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Totnes War Memorial

A Grade II Listed Building in Totnes, Devon

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Coordinates

Latitude: 50.4317 / 50°25'54"N

Longitude: -3.6879 / 3°41'16"W

OS Eastings: 280215

OS Northings: 60454

OS Grid: SX802604

Mapcode National: GBR QM.T681

Mapcode Global: FRA 375X.72S

Plus Code: 9C2RC8J6+MR

Entry Name: Totnes War Memorial

Listing Date: 21 March 2018

Grade: II

Source: Historic England

Source ID: 1454348

Location: Totnes, South Hams, Devon, TQ9

County: Devon

District: South Hams

Civil Parish: Totnes

Built-Up Area: Totnes

Traditional County: Devon

Lieutenancy Area (Ceremonial County): Devon

Summary


First World War memorial granite cross adapted from Sir Reginald Blomfield’s Cross of Sacrifice design, unveiled 1921, with later additions for the Second World War.

Description

The memorial stands in front of and to the east side of the south porch of the Church of St Mary (Grade I-listed). From the High Street, the aspect is framed by listed buildings including 15 High Street (Grade II-listed) and Church House (Grade II*-listed). To the rear of the memorial is the scheduled site of Totnes Priory.

The granite memorial is a version of the Commonwealth (formerly Imperial) War Graves Commission Cross of Sacrifice by Sir Reginald Blomfield, bearing a bronze reversed sword on the front face of the tall cross. The two-stage plinth, octagonal on plan, includes inscriptions in applied metal letters and stands on the top of an octagonal granite step. The tread of the lower base stage includes a slightly projecting lip for the placement of wreaths and floral tributes.

The principal dedicatory inscription on the upper stage reads TO THE/ GLORY OF GOD/ AND IN/ SACRED MEMORY/ OF THE 103/ TOTNES MEN/ WHO/ GAVE THEIR LIVES/ IN THE/ GREAT WAR./ 1914-1918. Commemorated names are listed alphabetically around the other faces. The later dedication on the lower stage reads AND OF THEIR/ FELLOW TOWNSMEN/ WHO/ GAVE THEIR LIVES/ IN THE/ SECOND GREAT WAR./ 1939-1945, with names also recorded alphabetically.

History

The aftermath of the First World War saw the biggest single wave of public commemoration ever with tens of thousands of memorials erected across England.  This was the result of both the huge impact on communities of the loss of three quarters of a million British lives, and also the official policy of not repatriating the dead which meant that the memorials provided the main focus of the grief felt at this great loss.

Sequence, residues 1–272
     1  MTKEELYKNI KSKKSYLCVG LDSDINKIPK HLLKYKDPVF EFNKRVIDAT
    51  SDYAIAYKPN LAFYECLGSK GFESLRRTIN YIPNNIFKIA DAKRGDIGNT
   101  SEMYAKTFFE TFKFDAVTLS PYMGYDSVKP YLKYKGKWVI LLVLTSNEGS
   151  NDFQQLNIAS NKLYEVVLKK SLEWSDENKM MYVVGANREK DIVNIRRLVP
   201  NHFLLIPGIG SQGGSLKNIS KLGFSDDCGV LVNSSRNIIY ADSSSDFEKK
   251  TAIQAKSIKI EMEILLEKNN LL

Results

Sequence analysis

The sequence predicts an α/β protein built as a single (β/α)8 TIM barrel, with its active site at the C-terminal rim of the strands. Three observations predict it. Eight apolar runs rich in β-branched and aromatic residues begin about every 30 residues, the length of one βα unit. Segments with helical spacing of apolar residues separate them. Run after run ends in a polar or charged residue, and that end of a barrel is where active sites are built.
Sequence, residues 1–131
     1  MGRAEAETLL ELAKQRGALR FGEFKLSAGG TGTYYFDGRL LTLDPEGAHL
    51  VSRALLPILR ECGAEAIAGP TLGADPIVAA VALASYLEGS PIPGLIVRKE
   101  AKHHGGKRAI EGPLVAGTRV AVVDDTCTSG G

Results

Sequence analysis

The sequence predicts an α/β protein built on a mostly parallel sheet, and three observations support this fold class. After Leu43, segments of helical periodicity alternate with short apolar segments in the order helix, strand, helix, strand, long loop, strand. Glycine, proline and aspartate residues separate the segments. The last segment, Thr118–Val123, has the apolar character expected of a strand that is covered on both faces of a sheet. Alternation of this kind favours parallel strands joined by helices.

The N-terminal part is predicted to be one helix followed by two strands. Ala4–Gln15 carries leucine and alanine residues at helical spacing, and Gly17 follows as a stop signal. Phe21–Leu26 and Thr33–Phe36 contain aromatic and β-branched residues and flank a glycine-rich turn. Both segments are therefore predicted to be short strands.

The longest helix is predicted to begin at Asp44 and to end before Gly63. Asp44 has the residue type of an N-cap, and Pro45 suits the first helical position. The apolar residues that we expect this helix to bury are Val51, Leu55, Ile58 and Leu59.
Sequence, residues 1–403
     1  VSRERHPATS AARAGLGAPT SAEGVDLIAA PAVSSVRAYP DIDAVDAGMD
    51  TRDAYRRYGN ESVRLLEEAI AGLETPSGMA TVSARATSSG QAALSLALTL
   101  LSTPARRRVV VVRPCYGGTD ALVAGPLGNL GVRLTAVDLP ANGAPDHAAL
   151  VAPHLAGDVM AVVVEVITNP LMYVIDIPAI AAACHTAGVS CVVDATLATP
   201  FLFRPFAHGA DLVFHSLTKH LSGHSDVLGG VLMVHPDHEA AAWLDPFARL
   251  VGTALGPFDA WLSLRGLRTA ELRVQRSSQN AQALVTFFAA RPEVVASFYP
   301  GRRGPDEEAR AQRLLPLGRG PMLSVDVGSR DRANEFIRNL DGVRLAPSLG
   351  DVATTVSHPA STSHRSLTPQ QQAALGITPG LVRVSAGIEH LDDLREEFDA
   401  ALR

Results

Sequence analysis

One such memorial was raised at Totnes as a permanent testament to the sacrifice made by 103 members of the local community who lost their lives in the First World War. The first discussion about a war memorial for Totnes took place on 25th February 1919, led by the Mayor of Totnes. Options considered included a recreation ground, public bathing place and a Town Hall.

The war memorial committee required that, whatever was selected, the memorial should record the names of all those servicemen from the town who had died; and on 30th October 1919 recommended erecting a memorial cross. Based on Sir Reginal Blomfield’s Cross of Sacrifice design and intended to be placed inside the churchyard gate, the cost was estimated at £200.

At the very well-attended ceremony the war memorial was unveiled on 4 June 1921 by Lieutenant-Colonel FB Mildmay MP. The final cost was £277 12s. A small fundraising surplus was saved towards future maintenance costs.

On 26 September 1947 the Totnes branch of the British Legion, with the Welcome Home Committee, issued an appeal for names in the Exeter and Plymouth Gazette to add to the war memorial following the Second World War. This led to the addition of 38 names.

Sir Reginald Blomfield RA (1856-1942) was one of the principal architects commissioned by the Imperial (now Commonwealth) War Graves Commission, alongside Sir Herbert Baker and Sir Edwin Lutyens. In addition to his extensive pre-war private practice, he designed a number of the First World War cemeteries in France and Belgium; the Menin Gate memorial to the missing (Ypres); and war memorials in the UK, including the architectural setting of the Belgian War Memorial (unveiled 1920, Grade II*-listed) and the RAF Memorial (1921, Grade II-listed). In 1918 he designed the Cross of Sacrifice, which is erected in cemeteries both overseas and in the UK that have more than 40 military graves. Its design was widely praised and has in consequence been used and adapted for numerous war memorials at home, such as at Totnes.

Reasons for Listing

Totnes War Memorial, which stands in the churchyard, is listed at Grade II for the following principal reasons:

Historic interest:

* as an eloquent witness to the tragic impact of world events on the local community, and the sacrifice it made in the conflicts of the C20.

Architectural interest:

* a version of Sir Reginald Blomfield's CWGC Cross of Sacrifice design, in granite, sensitively adapted for community use.

Group value:

* with the Church of St Mary (Grade I) and numerous listed buildings on both sides of the High Street.

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